XCOM 2 review code provided by the publisher
Remember that barren period at the start of the PS4's lifecycle? You know it. It's where the great indie whinge began, and folk started asking the eternal question of when Knack was going to be on Plus. That first year found me diving between old and new gen fairly consistently, catching up on the last dregs of the PS3's glorious winter whilst sampling the brief nuggets of new that showed up on PS4.
Mainly though, I was playing XCOM: Enemy Within a lot because lordy, that's a hell of a game. Ever since I longed for a sequel for the current gen, had hopes briefly raised, dashed, and raised again when XCOM 2 was teased, then announced as a PC-exclusive (which irony of ironies for a PC exclusive, ran terribly at launch), then finally revealed to be headed to consoles after all just six or so months after said PC release. Was the wait worth it? Oh very much so, but not without some caveats.
XCOM 2 Review: Outliving the Alien
For the uninitiated, XCOM is the rebooted version of the original Julian Gollop series UFO/X-COM, a turn-based tactical series that sees you command an elite unit of soldiers in a military program known as XCOM against an alien invasion. This sees you managing the guys n' gals on the ground, negotiating with countries for support, as well as the production of upgrades to weapons, armor, and gadgets that will aid you in the near-thankless task of keeping the alien menace at bay.
And it is near-thankless because despite your best efforts, XCOM, and especially XCOM 2, loves nothing more than to pat you on the head for a good job before slamming it onto a marble floor and robbing you. What's remarkable is that you'll get right back up, cancel your cards, and do it all over again for another pat on the head. You see, while XCOM 2 is a punishing game, it's a mostly fair one, and besting it, no matter how insignificant your victory may be in the long run, is an unrelenting joy.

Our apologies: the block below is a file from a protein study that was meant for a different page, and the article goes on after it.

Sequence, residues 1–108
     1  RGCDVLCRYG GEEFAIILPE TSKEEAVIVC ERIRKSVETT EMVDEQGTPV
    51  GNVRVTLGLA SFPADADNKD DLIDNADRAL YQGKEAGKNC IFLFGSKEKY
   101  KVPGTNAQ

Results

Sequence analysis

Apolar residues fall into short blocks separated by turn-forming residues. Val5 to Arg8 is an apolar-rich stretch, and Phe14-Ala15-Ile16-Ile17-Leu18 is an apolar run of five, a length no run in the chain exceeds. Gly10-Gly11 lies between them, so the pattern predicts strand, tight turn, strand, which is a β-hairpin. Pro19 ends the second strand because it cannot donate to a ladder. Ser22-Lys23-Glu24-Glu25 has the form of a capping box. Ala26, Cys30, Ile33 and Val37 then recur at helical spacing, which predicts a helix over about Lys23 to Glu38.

Even the lore carried over from Enemy Unknown and Enemy Within paints a gloomy picture of failure as it ignores the previously established ending completely and retcons it to end around the point you lost a campaign and Earth succumbed to the invaders. Now twenty years after XCOM failed, man and xeno live in perfect harmony (read: shady and sinister), but XCOM lives on as a resistance force, constantly on the move and working in the shadows. Basically speaking, your role from Enemy Unknown/Within has been reversed.
You are the outsiders, you are the ones outnumbered and underpowered. This plays into how you operate now as well, with many missions having you slinking around a level, trying to avoid detection until you can execute the perfect ambush or smash n' grab, while others pit you against a limited number of turns before something dreadful happens, ensuring you are on edge as you deliberate whether to edge ahead sensibly, but slowly, or push forward a few extra tiles and risk being left out in the open and vulnerable. One wrong move usually ends up triggering a complete collapse of the tactical structure, and the extinguishing of your soldier's lives. As such, each decision in XCOM 2 has to be considered far more than in previous games.